IT Worker Shortages Reaching Critical Point

by Steven Ostrowski | Apr 11, 2012

The shortage of skilled information technology (IT) workers is fast approaching a critical point where it could negatively impact industry growth and prosperity. That dire message was delivered today by speakers on an IT workforce panel at CompTIA Colloquium, the annual gathering of leaders in the IT training and certification industry. 

The current supply of skilled IT workers in the United States is simply not enough, said Tania Lavin, market research manager, Allegis Group Inc. She cited a recent survey of IT executives, who were asked to identify their biggest barriers they face in successfully completing their initiatives and projects. A full 56 percent said the biggest barrier is the lack of staff.

One industry that’s starting to feel the pinch is healthcare.

The transformation of the nation’s healthcare system with an infusion of new IT solutions may be hampered by a shortage of qualified workers, according to Norma Morganti, executive director, Midwest Community College Health Information Technology Consortium. She cited a recent study that showed in the state of Texas alone, there is projected to be a shortage of 10,000 health IT workers by 2013.

“This is the crisis that’s brewing out there,” she added. “When it comes, it’s going to be very impactful.”

Morganti also sounded a positive note about the health IT field. Healthcare providers were fearful that IT workers would not understand healthcare and would be unable to support the meaningful use of electronic health records. “What they’re finding instead is that they can take people with great IT skills and teach them about the healthcare environment to work effectively,” she said.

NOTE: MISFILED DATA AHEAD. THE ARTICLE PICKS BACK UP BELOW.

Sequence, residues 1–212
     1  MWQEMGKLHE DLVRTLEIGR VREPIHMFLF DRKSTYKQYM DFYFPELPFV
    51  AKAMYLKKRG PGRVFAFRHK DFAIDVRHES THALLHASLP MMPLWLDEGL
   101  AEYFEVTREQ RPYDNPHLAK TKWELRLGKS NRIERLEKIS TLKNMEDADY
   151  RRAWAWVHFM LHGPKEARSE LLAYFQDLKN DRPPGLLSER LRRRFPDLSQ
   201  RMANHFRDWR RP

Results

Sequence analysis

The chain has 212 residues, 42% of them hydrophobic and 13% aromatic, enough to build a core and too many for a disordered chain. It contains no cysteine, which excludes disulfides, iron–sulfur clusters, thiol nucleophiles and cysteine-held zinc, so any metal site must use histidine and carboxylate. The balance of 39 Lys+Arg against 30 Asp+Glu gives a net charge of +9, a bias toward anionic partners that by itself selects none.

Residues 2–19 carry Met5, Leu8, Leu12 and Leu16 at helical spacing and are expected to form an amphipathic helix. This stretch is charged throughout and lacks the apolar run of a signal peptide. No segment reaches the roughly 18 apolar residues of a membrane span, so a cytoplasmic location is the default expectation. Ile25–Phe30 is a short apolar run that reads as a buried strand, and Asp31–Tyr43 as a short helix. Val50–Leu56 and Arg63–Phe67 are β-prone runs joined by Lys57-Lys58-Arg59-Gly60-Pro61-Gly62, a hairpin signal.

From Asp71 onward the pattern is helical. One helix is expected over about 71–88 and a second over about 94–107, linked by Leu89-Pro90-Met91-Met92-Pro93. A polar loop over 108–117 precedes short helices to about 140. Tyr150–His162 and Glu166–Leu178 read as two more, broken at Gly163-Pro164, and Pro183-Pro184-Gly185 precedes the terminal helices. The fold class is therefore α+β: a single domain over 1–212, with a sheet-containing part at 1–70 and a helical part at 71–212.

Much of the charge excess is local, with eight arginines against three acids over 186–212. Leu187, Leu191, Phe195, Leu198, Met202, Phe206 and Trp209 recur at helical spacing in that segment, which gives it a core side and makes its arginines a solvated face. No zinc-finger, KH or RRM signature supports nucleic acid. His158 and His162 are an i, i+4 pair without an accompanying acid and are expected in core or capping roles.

IT Skills in High Demand

The toughest IT jobs to fill? Lavin said there is a severe shortage of enterprise architects, cloud architects, data architects, security specialists, business intelligence specialist and mobile application developers. In the past three months job postings for security analysts have increased by 51 percent; computer support specialists, 34 percent; and systems analysts, 33 percent. 

“It takes about 3.4 months to fill some of these hard-to-fill jobs, compared to 56 days for IT jobs overall,” Lavin added.

And the need isn’t going away. More than one-third of employers are adding headcount, according to the December 2011 TEKsystems IT Executive Outlook Survey.

The situation is even bleaker in Europe, said Alejandro Debenedet, international business relations director, PeopleCert Group. At a time when 23 million people are out of work in European Union countries, and the youth unemployment rate standards at 21 percent, there is a shortfall of people to fill 500,000 high-skilled jobs. That number is projected to reach 700,000 by 2015.

Lavin said companies are using more temporary hires to fill job openings and are offering higher salaries for some high-level positions. Companies also plan to train existing staff in new IT skills, but it’s unlikely they can address all their needs simply through retraining.

Debenedet outlined a three-tier pyramid of skill levels that are needed to address the issue:

  • Reading writing, math, science, IT literacy, language and other basic skills at the foundation level,
  • Occupational skills related to the specific needs of the job market at the mid-level, and
  • Global knowledge economy talents at the pinnacle.

“The time to act is now,” he urged. “We need government, industry, training organizations, all stakeholders working together.”

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